Annie P. Hurt

Publication Date


Document Type


First Advisor

Dorsch, Nina G.

Degree Name

Ed.D. (Doctor of Education)

Legacy Department

Department of Teaching and Learning


Elementary school teachers--United States--Attitudes; Elementary school teachers--In-service training--United States; Mainstreaming in education--United States--Public opinion


The purpose of the study was (1) to identify the attitudes and concerns of general-education teachers responsible for the education of students with disabilities, and (2) to examine the extent to which professional development training influences general-education teachers’ attitudes toward inclusion. Quantitative data were collected using a pre/post-test consisting of 16 closed-ended test items while qualitative data were collected using open-ended survey questions and five openended semistructured interview questions that addressed the research questions investigated in this study. A mixed-method design was used to study 67 kindergarten through fifth-grade general-education teachers in three grade schools (K -l, 2-3, and 4-5) from a small suburban school district to assess their opinions and actions in their classroom settings regarding inclusion. Pretest data were analyzed using descriptive statistics (means and standard deviation) to assess teachers’ attitudes toward inclusion and best teaching practices prior to training. A posttest was conducted following the training to determine to what extent professional development training influences teachers’ attitudes and concerns. A paired /-test was used to compare the means of the two tests, and to test whether the differences between the means were statistically significant. The effect size was also calculated for each case school to summarize the overall effect of professional development experience. Following the posttest, 10 general-education teachers were interviewed for the purpose of determining their attitudes toward inclusion and to determine how their attitudes changed towards students with disabilities after training. The results of this study indicated that professional development had a moderate effect on teachers’ attitudes and that there is a need to provide ongoing professional development strategies to address the needs of general-education teachers, particularly pertaining to the integration of students with significant academic disabilities, or behavioral needs.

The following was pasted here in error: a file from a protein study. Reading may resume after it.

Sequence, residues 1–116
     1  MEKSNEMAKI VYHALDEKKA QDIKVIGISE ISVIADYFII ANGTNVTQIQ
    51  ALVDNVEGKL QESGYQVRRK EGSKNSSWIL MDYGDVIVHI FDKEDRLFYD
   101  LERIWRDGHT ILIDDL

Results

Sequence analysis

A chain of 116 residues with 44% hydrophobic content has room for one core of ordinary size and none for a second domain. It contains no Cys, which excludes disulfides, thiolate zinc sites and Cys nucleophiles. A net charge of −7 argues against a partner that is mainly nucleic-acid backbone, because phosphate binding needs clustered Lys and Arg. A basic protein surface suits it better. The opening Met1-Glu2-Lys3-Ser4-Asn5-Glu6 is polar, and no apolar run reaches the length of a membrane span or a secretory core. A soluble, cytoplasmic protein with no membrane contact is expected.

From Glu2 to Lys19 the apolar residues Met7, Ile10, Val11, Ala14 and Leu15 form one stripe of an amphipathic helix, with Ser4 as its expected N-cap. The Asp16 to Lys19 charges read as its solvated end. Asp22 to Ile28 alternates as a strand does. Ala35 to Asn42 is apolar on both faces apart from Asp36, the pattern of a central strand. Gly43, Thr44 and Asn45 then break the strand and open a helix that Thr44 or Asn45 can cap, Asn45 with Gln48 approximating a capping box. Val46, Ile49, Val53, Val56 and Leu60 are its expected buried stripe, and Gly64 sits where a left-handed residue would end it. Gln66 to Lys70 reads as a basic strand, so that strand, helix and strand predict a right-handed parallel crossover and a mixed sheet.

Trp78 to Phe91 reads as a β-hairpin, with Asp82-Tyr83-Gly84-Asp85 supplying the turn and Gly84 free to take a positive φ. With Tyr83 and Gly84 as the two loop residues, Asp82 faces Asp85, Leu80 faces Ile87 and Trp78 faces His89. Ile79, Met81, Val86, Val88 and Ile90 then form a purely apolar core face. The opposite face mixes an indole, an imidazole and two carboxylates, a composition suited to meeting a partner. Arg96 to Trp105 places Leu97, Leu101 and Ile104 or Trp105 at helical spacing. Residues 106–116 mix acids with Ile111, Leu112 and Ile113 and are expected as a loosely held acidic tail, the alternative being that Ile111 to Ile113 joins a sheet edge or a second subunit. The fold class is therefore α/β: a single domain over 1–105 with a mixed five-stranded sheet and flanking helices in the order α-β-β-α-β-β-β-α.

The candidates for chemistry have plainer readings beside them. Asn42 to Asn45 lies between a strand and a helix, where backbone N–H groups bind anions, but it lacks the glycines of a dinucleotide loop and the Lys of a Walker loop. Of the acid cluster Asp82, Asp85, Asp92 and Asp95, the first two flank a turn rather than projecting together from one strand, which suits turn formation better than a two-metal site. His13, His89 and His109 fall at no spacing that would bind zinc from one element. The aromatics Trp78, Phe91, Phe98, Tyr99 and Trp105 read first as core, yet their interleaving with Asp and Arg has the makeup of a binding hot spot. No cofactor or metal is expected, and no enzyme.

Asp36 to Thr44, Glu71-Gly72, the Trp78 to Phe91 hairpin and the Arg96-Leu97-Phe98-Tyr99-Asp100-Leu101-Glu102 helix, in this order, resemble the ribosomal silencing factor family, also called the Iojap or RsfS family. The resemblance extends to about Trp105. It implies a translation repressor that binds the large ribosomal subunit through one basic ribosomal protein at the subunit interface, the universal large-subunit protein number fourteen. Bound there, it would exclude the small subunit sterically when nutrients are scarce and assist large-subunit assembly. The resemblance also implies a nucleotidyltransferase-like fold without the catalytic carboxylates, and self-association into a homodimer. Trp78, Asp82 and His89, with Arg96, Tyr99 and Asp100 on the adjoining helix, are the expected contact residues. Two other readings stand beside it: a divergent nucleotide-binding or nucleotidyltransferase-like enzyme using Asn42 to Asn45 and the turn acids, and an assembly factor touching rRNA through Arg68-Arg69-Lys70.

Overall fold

Includes bibliographical references (pages [184]-191).


xi, 233 pages




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